In the short term, the future of photography is smaller productions with photographers who have diverse and broad skill sets and do not need to rely on substantial assistance. But will this new way of working stick for the long run, too?
As a professional portrait artist for the past five years, I have gotten into a nice rhythm. I know how much equipment, how many assistants, how much time, how much space, and which key crew members are necessary to make my work. I also know what to anticipate from the subject and their team. And I've gotten accustomed to client demands and expectations.
Insert Covid, and this rhythm is no longer relevant. I knew it instinctually in mid-March, but I was finally faced with the reality of it this past month when the Washington Post called to offer me my first assignment of the Covid era. The subject was TikTok superstar Charli D'Amelio, and it was the first sign that work would move forward.
The session came with strict instructions. No crew. A distance of 10 feet from the subject must be maintained. The shoot would be outside. There would be no access to facilities, no scout, no professional hair, makeup or styling on set. A mask had to be worn at all times.
My mind immediately raced back to the very early days of my career, when I could not afford professional assistance. I needed to make hard choices on how much equipment to bring. I would need to be even more focused on elements like clothing, styling, hair, and makeup.
My plan set in. I needed extra sand and longer lenses. I pushed for more setup time and needed to test the light on myself. Natural light was preferred. I hopped into a decontaminated rental car, sped over to a contactless rental pickup at Adorama rentals in Brooklyn, headed down to my office, where I double-parked while loading about 300 pounds of equipment into my SUV. A liberating 1.5-hour drive with some fresh air up to suburbia of Connecticut ensued. I was used to the place because I grew up nearby.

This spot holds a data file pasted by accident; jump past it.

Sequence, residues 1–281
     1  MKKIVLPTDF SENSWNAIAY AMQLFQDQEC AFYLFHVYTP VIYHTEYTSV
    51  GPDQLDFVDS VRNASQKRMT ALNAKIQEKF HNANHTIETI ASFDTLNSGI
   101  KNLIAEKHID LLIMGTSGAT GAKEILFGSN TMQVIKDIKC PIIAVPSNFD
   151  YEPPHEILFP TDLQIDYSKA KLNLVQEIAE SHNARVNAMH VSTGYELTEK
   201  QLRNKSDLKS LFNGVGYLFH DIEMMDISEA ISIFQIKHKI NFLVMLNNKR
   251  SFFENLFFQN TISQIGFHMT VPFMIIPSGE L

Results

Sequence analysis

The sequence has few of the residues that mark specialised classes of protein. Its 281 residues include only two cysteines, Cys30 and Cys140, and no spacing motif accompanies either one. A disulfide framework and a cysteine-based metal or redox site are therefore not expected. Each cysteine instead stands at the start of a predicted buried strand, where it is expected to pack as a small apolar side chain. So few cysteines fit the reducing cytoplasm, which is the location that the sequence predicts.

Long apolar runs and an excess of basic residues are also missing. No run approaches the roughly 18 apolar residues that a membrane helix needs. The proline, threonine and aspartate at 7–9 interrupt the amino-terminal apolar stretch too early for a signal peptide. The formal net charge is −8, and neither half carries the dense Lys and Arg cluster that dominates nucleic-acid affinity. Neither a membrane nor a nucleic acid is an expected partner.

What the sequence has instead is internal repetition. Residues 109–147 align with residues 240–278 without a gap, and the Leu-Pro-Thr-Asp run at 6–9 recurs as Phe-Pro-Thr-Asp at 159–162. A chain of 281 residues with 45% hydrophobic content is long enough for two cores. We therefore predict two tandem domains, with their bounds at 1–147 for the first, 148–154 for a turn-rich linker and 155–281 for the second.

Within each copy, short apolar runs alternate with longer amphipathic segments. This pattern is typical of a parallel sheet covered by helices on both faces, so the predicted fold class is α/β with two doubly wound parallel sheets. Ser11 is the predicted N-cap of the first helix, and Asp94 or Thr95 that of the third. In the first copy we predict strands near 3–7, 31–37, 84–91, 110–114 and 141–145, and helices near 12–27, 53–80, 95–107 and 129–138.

Charli's family was lovely and accommodating. They had a vast grass-filled back yard with just enough shade for me to do my work. They were flexible with timing so we could use the best light, and we even rain checked our poorly forecast initial day.
Charli came out, and we made some adjustments to her hair styling. Midway through the shoot, we decided on an outfit change that had a distinctly different mood. Charli's PR team scheduled the shoot for 20 minutes, but we ended up using an hour, getting many different scenarios, a clothing change and a moving portrait at the end.
The shoot was about instincts. There was no client to corral, no notes from creative directors, no adjustments from critical assistants, no real-time feedback. I caught myself from breaking social distance a few times when I wanted hair or clothing adjusted. It wasn't easy not to let the old way of working subconsciously affect my movements. Even seeing through a longer lens was a change that I could consciously feel.
It was a success. There was an added amount of mental weight and loaded emotions on the process. It was still photography, still portraiture, and it was always about making the viewer of my art feel like they were standing in front of my subject along with me. The essence of what I do hasn't changed; how I do it might have changed forever.